Role of RT in Advanced-Stage Chemorefractory Hodgkin Lymphoma

Limited data are available on the role of consolidative RT in the setting of residual fluorine-18–2-fluoro-2-deoxy-D-glucose (FDG) avidity following combination chemotherapy for patients with advanced classical Hodgkin lymphoma. Sher et al[35] performed a retrospective analysis of 73 patients who received consolidative IFRT following systemic therapy to evaluate the prognostic significance of residual FDG avidity. The majority of patients (n = 60) were PET-negative at the end of ABVD (doxorubicin, bleomycin, vinblastine, and dacarbazine) therapy; the actuarial 2-year failure-free survival rate was 97% for this group, with 100% salvage for patients who relapsed. The 2-year failure-free survival rate was 69% for the PET-positive group with IFRT doses of ≥ 30 Gy, generating the hypothesis that the addition of RT may successfully sterilize local residual disease, thereby precluding the need to proceed immediately to salvage therapy in this setting.

In the European Organisation for Research and Treatment of Cancer (EORTC) 20884 trial, patients with stage III/IV classical Hodgkin lymphoma were treated with 6 to 8 cycles of MOPP-ABV (mechlorethamine, vincristine, procarbazine, and prednisone with doxorubicin, bleomycin, and vinblastine); patients who achieved a PR received 30-Gy IFRT.[36] The freedom from treatment failure (FFTF) and OS for this group were similar to patients who had achieved a CR in this study (5-year event-free survival, 79%; 5-year OS, 87%), suggesting that IFRT following a PR to systemic therapy improves outcomes.

Similarly, the German Hodgkin Study Group (GHSG) HD15 trial for patients with advanced-stage classical Hodgkin lymphoma administered 30-Gy IFRT to patients with PET-positive disease that measured ≥ 2.5 cm on CT scan after BEACOPP (bleomycin, etoposide, adriamycin, cyclophosphamide, vincristine, procarbazine, and prednisone).[37] Of 311 patients who met criteria for enrollment, PET was positive in 66 patients; RT was recommended for 63. The PFS rate at 18 months was 96% for PET-negative patients and 85% for PET-positive patients, indicating that IFRT for patients with persistently FDG-avid disease can successfully sterilize residual disease and may be a viable alternative to HDCT + ASCT.

Salvage Without Stem Cell Transplantation

Although HDCT + ASCT is the standard of care for relapsed/refractory classical Hodgkin lymphoma, several scenarios exist where alternative treatment strategies could be considered. These include patients with late relapse (> 1 year), patients who received limited frontline therapies such as RT or chemotherapy alone, or patients with early-stage disease treated with reduced-intensity therapy (eg, 2 cycles of ABVD followed by 20-Gy RT).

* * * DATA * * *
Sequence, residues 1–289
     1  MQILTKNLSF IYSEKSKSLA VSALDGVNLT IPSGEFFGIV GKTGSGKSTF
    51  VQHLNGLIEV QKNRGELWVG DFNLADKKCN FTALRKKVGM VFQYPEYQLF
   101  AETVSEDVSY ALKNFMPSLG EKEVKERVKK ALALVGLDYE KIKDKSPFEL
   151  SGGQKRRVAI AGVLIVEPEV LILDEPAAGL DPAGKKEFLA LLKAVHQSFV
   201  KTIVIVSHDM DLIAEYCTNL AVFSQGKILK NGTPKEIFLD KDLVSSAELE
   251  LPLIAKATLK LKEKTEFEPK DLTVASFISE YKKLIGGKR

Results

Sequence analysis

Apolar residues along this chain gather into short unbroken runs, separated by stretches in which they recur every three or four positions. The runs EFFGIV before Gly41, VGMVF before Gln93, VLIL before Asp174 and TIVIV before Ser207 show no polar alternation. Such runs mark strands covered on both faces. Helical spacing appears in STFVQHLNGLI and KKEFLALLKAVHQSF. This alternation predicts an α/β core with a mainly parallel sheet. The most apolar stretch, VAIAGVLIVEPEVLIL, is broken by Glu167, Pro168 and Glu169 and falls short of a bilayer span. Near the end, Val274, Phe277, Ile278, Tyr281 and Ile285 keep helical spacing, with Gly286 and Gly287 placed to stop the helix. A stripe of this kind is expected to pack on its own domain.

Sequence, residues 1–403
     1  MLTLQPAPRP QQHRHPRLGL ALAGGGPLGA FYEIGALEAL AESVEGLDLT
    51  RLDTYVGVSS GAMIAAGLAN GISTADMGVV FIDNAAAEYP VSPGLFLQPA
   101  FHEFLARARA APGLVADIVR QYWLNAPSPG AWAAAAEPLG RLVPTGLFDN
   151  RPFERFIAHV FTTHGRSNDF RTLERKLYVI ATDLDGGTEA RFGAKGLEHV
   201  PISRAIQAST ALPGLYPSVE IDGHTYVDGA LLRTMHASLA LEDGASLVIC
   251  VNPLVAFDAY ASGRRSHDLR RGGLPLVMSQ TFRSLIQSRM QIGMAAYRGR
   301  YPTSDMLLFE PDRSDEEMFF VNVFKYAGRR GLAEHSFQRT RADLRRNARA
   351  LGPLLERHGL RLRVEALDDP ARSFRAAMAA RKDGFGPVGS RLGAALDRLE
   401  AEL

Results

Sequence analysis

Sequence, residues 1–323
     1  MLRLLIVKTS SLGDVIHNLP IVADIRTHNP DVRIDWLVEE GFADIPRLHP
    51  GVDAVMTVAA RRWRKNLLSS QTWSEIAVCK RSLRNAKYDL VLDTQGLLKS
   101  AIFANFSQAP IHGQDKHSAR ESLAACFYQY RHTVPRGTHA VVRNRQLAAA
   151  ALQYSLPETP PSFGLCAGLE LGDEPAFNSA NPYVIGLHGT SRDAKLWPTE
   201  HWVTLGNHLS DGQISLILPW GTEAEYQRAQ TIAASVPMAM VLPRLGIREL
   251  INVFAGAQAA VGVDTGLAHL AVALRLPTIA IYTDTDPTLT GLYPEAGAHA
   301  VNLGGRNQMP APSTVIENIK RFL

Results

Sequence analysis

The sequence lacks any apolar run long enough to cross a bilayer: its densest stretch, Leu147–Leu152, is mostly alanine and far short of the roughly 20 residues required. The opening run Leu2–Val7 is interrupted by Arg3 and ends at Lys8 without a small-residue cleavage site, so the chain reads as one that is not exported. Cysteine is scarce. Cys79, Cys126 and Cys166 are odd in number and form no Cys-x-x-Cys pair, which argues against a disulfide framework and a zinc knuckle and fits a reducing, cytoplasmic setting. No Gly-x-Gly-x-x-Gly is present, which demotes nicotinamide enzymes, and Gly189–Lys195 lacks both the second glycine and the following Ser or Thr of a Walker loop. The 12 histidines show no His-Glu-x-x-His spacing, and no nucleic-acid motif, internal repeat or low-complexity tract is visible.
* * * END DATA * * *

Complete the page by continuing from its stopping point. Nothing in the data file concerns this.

Relapse following RT alone

Historical series suggest that approximately 20% to 35% of patients with early-stage Hodgkin lymphoma treated with RT alone will relapse.[38,39] Yet there were many variables across studies, including staging with or without laparotomy, inclusion of patients with different prognostic factors, and differences in radiation field size, which may have impacted DFS and therefore make comparing studies a challenge. Ng et al[40] described outcomes of a single-institution prospective trial evaluating the use of mantle irradiation alone in patients with early-stage classical Hodgkin lymphoma. Patients with stage I–IIA classical Hodgkin lymphoma were enrolled in the study; patients with B symptoms, bulky disease, or subcarinal or hilar involvement were excluded. Mantle radiation with doses ranging from 30 to 40 Gy was delivered from 1988 to 2000 in a cohort of patients with a median age of 30 years. Of the 87 patients enrolled, 13 (15%) relapsed, with most sites of relapse outside of the original treatment field. Half of the patients were salvaged with ABVD alone; the other half had CMT with IFRT. Only 1 patient experienced a second relapse and underwent salvage with HDCT followed by stem cell transplantation (SCT).[40]

An earlier retrospective study from MD Anderson Cancer Center enrolling patients beginning in 1967 included patients with unfavorable disease, including bulky tumor, > 4 sites of disease, and/or B symptoms.[41] The 10-year PFS rate following mantle irradiation for this cohort that included patients with higher-risk disease was 75.3%. However, 10- and 20-year actuarial OS rates were 87.6% and 65.3%, respectively, confirming highly successful salvage rates after treatment with radiation alone.

Although the use of RT as a primary treatment of classical Hodgkin lymphoma is no longer the standard of care, for the small cohort of patients previously treated with RT alone, it is still important to bear in mind that chemotherapy alone or with RT may be sufficient for salvage. However, limited data exist to provide definitive treatment recommendations.

Relapse following reduced-intensity therapy for early-stage disease